As governments of the industrialized world struggle with the global credit crisis, they may be relearning an old lesson: there is more strength in standing together than in struggling alone
The international nature of capital flows and stock markets has forced unprecedented cooperation between nations on interest rate cuts, support for banks and other measures meant to restore investor confidence. Philosophical and political differences that seemed insurmountable only weeks ago have melted away as leaders search for a workable way to prevent their economies from melting down.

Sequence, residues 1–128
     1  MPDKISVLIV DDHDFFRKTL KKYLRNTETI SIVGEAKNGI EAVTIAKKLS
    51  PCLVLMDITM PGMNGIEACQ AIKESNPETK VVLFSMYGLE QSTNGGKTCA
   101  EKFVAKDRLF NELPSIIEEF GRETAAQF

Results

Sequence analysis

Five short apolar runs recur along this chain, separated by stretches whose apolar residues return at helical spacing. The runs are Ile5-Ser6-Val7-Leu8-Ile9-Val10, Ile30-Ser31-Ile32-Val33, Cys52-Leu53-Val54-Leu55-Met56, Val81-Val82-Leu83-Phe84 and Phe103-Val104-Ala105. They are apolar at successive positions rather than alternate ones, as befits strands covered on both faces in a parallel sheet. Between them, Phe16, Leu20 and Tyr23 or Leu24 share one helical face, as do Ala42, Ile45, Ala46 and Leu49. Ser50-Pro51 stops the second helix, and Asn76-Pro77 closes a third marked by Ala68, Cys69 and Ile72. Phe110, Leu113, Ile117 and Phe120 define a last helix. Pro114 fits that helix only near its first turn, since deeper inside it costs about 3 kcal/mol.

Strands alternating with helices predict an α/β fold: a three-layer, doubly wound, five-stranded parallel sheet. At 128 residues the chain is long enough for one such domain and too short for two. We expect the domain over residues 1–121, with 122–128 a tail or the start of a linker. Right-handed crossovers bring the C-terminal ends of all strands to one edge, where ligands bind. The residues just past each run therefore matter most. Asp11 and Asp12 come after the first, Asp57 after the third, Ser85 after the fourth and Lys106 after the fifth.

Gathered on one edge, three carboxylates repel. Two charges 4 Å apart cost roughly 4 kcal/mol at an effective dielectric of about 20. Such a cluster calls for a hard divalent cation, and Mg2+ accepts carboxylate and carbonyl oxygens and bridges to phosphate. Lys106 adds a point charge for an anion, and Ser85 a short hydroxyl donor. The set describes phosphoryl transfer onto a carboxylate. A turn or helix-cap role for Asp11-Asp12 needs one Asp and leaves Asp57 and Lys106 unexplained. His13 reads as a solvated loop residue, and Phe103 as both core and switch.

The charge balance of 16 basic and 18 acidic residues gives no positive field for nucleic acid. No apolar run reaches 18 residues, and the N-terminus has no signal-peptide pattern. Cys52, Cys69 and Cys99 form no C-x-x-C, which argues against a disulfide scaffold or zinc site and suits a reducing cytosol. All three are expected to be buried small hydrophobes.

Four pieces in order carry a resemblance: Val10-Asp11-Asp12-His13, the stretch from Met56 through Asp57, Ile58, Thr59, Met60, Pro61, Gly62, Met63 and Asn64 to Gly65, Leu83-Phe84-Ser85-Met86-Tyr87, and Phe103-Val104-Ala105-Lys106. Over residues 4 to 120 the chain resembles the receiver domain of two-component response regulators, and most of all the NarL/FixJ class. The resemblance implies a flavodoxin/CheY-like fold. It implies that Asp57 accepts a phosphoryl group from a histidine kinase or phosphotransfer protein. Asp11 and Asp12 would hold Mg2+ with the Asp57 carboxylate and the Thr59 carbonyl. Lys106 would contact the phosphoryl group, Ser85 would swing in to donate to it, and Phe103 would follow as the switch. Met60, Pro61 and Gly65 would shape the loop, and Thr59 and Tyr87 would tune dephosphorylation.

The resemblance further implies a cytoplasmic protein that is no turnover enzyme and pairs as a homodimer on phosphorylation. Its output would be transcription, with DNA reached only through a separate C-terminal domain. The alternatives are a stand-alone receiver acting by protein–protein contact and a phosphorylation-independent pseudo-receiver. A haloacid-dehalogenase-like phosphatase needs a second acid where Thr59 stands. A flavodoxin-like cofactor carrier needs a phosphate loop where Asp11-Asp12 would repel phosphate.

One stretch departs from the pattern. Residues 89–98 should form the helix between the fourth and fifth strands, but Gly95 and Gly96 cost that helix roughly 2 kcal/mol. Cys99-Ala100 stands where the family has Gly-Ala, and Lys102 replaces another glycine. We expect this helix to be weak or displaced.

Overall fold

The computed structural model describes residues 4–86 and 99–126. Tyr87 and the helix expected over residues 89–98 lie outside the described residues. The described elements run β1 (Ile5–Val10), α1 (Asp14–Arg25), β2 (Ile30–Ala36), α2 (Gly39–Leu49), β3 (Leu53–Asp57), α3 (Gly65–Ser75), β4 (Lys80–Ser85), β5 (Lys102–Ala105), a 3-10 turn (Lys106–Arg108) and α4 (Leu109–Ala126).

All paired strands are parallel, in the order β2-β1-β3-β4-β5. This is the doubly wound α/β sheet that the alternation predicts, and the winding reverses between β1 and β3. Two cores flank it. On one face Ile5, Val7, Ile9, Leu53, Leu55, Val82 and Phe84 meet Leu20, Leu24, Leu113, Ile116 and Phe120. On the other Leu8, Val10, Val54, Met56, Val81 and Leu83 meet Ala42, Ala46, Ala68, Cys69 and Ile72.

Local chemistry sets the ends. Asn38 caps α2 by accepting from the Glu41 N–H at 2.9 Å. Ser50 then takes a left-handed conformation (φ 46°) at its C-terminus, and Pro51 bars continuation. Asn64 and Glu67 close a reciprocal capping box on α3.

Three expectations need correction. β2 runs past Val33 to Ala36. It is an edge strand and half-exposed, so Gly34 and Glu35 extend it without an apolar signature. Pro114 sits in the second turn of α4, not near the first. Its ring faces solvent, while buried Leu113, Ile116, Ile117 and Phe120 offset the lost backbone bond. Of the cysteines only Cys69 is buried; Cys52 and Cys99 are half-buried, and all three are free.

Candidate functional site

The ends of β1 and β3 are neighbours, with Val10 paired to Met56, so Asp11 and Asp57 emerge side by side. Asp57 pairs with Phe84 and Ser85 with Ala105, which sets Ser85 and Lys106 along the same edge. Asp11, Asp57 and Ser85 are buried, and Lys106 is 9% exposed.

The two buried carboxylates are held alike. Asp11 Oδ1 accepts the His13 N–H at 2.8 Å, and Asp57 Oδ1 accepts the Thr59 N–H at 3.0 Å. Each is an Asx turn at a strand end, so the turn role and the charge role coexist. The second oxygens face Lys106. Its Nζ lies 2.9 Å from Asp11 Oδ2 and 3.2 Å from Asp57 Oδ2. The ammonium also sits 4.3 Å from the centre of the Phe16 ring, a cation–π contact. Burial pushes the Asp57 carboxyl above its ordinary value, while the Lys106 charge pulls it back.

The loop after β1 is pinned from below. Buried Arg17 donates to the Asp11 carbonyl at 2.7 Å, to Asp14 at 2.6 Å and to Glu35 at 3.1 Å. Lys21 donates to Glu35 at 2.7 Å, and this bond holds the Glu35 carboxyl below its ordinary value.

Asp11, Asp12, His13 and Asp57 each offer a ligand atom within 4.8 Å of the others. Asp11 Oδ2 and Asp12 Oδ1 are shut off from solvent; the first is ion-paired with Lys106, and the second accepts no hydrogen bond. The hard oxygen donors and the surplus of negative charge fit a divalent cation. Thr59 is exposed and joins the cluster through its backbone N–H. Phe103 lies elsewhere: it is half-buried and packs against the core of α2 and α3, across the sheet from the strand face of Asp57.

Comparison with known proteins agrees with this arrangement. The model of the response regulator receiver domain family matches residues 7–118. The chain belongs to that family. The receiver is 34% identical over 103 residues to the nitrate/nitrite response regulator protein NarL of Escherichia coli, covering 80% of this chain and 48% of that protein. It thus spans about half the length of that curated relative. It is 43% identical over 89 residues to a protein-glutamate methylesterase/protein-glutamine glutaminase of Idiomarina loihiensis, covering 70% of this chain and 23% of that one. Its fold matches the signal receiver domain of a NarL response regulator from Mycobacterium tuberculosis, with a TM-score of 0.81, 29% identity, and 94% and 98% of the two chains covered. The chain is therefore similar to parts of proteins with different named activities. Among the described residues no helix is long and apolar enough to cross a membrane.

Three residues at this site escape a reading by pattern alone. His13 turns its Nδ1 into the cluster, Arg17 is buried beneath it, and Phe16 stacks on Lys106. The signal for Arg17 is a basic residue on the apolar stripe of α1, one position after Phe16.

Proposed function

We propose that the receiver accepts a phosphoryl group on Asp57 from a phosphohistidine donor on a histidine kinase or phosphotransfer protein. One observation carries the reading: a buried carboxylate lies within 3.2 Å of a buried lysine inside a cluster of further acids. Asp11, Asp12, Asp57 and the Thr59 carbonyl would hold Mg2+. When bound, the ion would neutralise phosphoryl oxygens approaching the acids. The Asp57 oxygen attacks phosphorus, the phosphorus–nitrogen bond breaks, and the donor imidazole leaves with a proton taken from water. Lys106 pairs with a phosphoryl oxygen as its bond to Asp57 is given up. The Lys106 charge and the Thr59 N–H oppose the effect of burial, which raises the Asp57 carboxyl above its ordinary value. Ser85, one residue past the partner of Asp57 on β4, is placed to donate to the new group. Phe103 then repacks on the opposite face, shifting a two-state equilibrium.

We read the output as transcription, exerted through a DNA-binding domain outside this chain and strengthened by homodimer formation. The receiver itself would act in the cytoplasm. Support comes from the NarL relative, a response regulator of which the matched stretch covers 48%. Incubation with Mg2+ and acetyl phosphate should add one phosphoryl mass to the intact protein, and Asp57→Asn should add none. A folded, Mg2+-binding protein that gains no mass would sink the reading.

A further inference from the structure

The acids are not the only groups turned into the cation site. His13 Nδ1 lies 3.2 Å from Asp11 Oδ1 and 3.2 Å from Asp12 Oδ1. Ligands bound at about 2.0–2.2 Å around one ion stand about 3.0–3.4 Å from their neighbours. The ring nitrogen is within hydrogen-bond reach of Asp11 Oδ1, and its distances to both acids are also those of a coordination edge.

It's true that financial systems are among the most integrated parts of the modern world. Not every nation is happy about serving in this alliance to save capitalism.
But if nothing else, leaders are learning that they can pull together constructive initiatives in the face of danger. And if they can save banks, why not the environment? If they can stop the spread of shareholder panic, why can't they stop the spread of nuclear weapons?